The book starts in 1972, with the Baltimore hayseed arriving in Gotham armed with nothing but a golden ticket—a letter of recommendation from Norman Mailer, who had been impressed by Wolcott’s college-rag account of the Mailer-Vidal bust-up on The Dick Cavett Show. Wolcott proceeded to work his way into the Village Voice, landing a job as writer-receptionist before being fired for indolence and insubordination. This proved another stroke of luck, as it enabled him to write “full out,” which he is still doing thirty-five years on. Pauline Kael was an early admirer of Wolcott’s writing, and the two spent a lot of time together, attending film screenings (“I made an unnamed appearance in Pauline’s review of The Goodbye Girl, as the friend who shared her ‘stony silence’”), sniggering through panel discussions (“Can you believe this shit?” Kael whispered to him as Cynthia Ozick and Joyce Carol Oates traded onstage compliments), drinking soft drinks at the Algonquin, cracking jokes with Clive James—doing what critics do.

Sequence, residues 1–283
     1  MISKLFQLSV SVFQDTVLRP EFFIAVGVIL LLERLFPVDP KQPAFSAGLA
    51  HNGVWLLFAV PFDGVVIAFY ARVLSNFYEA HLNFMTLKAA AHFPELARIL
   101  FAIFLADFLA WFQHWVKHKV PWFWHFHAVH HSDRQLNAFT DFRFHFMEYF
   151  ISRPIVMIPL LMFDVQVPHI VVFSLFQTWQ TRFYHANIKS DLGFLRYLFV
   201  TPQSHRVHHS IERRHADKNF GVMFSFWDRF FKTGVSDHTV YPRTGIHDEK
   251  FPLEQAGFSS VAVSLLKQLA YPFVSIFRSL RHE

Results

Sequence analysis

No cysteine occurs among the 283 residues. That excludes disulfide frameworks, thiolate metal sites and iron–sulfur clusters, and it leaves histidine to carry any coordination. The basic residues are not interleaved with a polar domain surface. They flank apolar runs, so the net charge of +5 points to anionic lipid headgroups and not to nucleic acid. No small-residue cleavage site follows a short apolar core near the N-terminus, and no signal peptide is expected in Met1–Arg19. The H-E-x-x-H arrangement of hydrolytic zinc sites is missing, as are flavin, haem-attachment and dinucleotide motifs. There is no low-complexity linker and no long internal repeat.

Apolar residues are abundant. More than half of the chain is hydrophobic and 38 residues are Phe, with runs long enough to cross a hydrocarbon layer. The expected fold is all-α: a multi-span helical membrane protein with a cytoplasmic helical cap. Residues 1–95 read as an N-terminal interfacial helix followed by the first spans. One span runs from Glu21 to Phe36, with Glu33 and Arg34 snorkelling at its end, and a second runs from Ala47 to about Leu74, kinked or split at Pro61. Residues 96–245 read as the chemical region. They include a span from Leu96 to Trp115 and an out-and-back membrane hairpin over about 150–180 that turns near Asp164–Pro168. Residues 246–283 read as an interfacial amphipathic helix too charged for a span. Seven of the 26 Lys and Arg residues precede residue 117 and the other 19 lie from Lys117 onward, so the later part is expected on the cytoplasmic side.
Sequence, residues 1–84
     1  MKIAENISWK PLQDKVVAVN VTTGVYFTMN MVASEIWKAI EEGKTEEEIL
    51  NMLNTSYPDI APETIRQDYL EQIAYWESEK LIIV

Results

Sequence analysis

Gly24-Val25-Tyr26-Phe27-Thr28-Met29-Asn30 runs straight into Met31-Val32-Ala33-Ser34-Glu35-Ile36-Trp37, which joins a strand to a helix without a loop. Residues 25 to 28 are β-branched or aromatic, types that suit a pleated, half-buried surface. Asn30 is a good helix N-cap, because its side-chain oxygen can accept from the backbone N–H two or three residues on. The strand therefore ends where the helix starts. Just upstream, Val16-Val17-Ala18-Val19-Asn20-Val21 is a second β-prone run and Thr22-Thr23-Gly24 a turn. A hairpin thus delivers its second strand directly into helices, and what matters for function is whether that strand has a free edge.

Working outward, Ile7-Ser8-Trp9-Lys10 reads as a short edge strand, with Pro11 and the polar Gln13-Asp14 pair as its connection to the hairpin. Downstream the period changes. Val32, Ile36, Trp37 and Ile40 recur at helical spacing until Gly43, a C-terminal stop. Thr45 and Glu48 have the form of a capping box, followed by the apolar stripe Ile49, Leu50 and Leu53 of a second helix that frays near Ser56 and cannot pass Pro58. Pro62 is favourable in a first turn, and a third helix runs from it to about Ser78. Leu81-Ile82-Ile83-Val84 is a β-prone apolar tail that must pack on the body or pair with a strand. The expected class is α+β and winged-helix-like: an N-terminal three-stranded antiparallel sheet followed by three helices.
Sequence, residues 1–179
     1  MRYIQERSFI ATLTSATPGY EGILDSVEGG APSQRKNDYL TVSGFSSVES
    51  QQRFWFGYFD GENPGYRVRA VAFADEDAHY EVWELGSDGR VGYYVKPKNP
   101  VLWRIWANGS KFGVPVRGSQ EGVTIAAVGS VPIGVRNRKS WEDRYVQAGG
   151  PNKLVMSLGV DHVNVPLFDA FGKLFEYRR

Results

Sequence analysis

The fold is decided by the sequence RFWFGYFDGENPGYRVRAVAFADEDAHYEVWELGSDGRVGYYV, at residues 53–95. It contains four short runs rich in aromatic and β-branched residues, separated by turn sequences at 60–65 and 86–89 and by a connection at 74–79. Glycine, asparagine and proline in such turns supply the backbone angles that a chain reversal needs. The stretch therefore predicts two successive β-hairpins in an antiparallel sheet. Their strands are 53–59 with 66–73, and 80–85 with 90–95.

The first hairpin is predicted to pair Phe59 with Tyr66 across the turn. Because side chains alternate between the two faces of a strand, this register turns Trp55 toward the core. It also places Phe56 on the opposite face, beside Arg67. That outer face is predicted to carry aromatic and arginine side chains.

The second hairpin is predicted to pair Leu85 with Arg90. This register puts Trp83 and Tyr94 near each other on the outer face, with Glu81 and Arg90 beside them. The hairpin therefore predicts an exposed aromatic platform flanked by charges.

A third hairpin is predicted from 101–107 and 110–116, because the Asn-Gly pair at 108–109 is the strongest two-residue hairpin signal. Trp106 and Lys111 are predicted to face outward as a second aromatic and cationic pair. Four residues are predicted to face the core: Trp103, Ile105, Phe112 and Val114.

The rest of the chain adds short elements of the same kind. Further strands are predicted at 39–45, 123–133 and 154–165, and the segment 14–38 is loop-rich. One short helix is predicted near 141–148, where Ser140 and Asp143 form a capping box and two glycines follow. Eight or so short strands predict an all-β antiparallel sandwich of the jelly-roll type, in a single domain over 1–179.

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“Writers and painters and composers did not talk all the time…of agents, contracts, and movie deals,” White remembered in City Boy, and Sante regretted in “My Lost City” that even those downtown haunts that once seemed “permanently beyond the pale” had since been “colonized by prosperity.” But whereas White and Sante struck an explicitly plaintive note to bring their ’70s recollections to a close, Wolcott kicks his off with one: “So much is gone, stricken from the scene…” He’s looking at the good times through fatalist binoculars: “Niche journalism hadn’t yet whittled too many writers into specialty artists”; Lester Bangs “didn’t ask for references to be trimmed because the readers wouldn’t ‘get it.’ (Today it’s assumed the average reader won’t get anything that isn’t TV related.)” Lucking Out serves well enough as a title, but “before the bland-down”—a phrase he uses in the chapter about CBGB and punk—might have been more accurate.